In John 16 Jesus begins by telling them not to be offended.  He is speaking to all of them, and he expects things to happen that will be offensive.  He knows that their lives would be easier, less painful if they did not follow him.  They will suffer attack.  They are to remember his words and rest in the faith they have placed in him. 

He says here that he did not tell them how bad things would be at the beginning because he was with them to support and encourage, but now he will no longer be there to reassure or instruct.  They would have to depend on faith, and they must remember his words.

I never thought of Christianity as easy, but it is becoming a faith of ease.  It is not popular to speak about the cross or the blood anymore.  Sermons often do not mention Jesus.  He has become offensive.  I suppose I shouldn't be surprised.  He said that the time would come when he would be an offense.  It has.

He promised to send the Holy Spirit to be an Advocate for us.  He would speak to us of Jesus.  Does that mean the the Holy Spirit will also be an offense?  I guess so, because he is not mentioned much in church either.  I guess I prefer to be offended if the offense comes from the name and person and purpose of Jesus and his Holy Spirit. 

Maybe I am misstating this.  Jesus is mentioned.  We refer to the Holy Spirit.  We acknowledge God.  I think I know people who worship in the services.  Is this just my griping?  I do it all the time. 

Yesterday's Confession of Faith proclaimed a social gospel and the prayers are sought for healing and financial needs.  I want a confession that proclaims the Lordship of Jesus Christ and allows all the other needs to flow from Him and His righteousness.  I pray for a prayer time that concentrates on the salvation of souls.  I foolishly asked for the church to hold a Prayer Meeting.  I got official approval, but somehow it never happened.  We did have the family night and the music program; it was good music with the advertisement of the man's CD to raise money to adopt a child, but there was no prayer meeting, no testimonies of God's deliverance, no supplication for salvation, no weeping for lost loved ones.

We preach an easy gospel, and Paul predicted it.  The heart of man is not anxious to hear the list of his errors, and less anxious to confess them.  Preachers are charged with citing them, however, and we will confess them or bear them by our own choice.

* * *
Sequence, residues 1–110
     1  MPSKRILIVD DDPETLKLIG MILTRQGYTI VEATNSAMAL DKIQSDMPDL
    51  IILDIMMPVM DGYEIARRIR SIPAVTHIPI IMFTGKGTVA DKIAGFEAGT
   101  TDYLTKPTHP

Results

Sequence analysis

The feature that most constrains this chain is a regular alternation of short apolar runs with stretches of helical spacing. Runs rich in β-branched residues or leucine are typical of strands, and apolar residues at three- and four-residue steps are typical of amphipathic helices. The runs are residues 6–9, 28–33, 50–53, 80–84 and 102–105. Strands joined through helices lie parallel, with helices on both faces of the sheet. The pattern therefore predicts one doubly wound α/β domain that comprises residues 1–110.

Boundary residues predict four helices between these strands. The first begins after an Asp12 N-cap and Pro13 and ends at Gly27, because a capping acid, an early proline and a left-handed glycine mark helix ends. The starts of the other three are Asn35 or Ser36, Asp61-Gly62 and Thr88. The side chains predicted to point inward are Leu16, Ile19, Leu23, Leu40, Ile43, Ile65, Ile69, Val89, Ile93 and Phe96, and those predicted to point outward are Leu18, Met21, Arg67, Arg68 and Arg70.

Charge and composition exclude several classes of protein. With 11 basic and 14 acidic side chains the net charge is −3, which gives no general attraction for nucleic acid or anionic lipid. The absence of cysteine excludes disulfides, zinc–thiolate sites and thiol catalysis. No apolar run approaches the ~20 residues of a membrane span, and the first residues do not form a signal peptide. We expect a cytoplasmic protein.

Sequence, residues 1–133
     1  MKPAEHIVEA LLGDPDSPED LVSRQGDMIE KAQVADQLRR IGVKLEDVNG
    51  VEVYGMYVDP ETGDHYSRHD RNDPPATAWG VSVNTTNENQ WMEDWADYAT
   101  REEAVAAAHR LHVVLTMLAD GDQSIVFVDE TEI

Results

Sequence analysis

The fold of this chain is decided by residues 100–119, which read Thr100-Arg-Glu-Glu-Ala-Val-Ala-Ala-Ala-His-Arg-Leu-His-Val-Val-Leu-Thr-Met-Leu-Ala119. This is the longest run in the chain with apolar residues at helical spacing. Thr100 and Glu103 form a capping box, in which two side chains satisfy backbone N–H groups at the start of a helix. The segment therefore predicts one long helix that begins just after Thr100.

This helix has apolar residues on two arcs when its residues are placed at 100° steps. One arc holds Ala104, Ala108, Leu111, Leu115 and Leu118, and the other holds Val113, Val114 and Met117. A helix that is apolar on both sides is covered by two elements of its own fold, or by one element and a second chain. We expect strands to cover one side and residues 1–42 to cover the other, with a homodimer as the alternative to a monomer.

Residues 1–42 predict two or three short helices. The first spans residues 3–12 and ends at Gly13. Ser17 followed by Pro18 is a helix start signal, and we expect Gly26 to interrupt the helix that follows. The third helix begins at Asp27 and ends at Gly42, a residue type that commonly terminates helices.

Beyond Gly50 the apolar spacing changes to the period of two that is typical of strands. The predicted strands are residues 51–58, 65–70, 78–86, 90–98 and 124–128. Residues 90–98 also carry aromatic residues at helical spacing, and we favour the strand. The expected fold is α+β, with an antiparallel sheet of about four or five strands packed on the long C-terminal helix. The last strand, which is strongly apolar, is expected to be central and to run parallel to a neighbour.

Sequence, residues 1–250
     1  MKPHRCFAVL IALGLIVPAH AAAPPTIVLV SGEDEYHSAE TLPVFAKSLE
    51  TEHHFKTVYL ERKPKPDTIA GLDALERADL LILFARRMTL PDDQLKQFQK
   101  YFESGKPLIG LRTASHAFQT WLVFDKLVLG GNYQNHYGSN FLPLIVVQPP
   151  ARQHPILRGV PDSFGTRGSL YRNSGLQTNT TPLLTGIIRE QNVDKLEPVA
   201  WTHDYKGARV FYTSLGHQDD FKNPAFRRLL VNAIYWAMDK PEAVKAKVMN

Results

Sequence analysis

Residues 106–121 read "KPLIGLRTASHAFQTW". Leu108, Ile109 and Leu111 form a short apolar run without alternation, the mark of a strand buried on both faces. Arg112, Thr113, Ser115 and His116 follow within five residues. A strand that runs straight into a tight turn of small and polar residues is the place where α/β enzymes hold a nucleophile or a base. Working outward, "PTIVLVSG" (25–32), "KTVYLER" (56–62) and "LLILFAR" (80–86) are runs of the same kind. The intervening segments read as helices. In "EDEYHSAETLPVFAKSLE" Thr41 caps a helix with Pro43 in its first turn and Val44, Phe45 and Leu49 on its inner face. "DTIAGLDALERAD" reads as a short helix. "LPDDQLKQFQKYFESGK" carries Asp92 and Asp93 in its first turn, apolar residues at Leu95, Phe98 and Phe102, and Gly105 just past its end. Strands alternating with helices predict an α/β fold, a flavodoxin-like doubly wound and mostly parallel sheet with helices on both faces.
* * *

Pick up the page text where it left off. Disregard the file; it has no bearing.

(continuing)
Jesus tried to warn us that bad things would happen.  Our efforts to avoid the painful criticism of the world led us to a worldly lifestyle.  Somebody in a leadership position told us we should not offend people with ugly things like the wounds of Christ and the blood of the cross, so we favor rainbows and butterflies.  The ugliness and pain of our faith is what brings us salvation.  Of course it is ugly.  It is sin.  It is nailed to the cross.  It should be ugly.

Friday, September 10, 2010

Who Was the Gardener?

In John chapter 15, the gardener idea rises to the top.  John quotes Jesus through the whole chapter.  I wonder if the discourse on the vine was cut into his brain with a laser.  It seems to flow without any thoughts about action or interruption. 

The Father is the gardener.  Jesus is the vine.  What does that make me?  A branch, the fruit bearing part, the leaves and stems that grow because it proceeds from the vine.  It is nourished from the sap, from the root, through the moisture from the ground.  Nutrients flow in the water from the soil to the root to the branches like God's love flows through Jesus and into me.  I am the same kind of substance that Jesus is, and his love flows in me. 

John even says that Jesus promised us the same quality of love and the same kind of results he saw in his own ministry.  That seems beyond reach.  How can I love like he loved?  How can I heal like he healed?  I see such a resistant world, so foreign to his call, so alienated from his methods, so deaf to his message that I cannot have faith.  I am blocked by so much reality and science and sin that the vision lies unrealized.  Verse 21 says that this is our mission because the world does not know Jesus.  When we repeat and reveal and proclaim his words, his truth will grow in the world.  The Advocate Jesus sent will empower even me to proclaim his words.  I don't know that anybody even reads this, but it is my platform to proclaim the Gospel.  I pray that somebody reads it.   

Tuesday, September 7, 2010

The Meaning of Imputation

I went to church Sunday.  The sermon was on the letter Paul wrote to Philemon about the return of Onesimus.  The preacher concentrated on the culture of the time when slaves were a common factor in civil life.  Onesimus was a slave who had run away from his master Philemon.  He visited Paul in prison, possibly in Rome, and Paul sent him back to Philemon with the letter asking for Philemon to welcome him back as a brother rather than as a slave.  The sermon zoomed in on the importance of a second chance. 
The preacher made a casual passing reference to the verse that refers to the word imputation.  I think imputation is probably one of the most important concepts in Christianity.  In verses 17 and 18 Paul asks Philemon to view Onesimus as if he were Paul himself, to welcome him as he would Paul and to charge any debt Onesimus owed to Paul's account. 
This substitution of Onesimus for Paul is the same transaction Jesus accomplished for us.  Jesus took our sin like Paul accepted the debt of Onesimus to Philemon, and Jesus gave us his righteousness like Paul asked Philemon to accept Onesimus as he would have welcomed Paul.  This simple transaction gets confused with the words which try to explain it.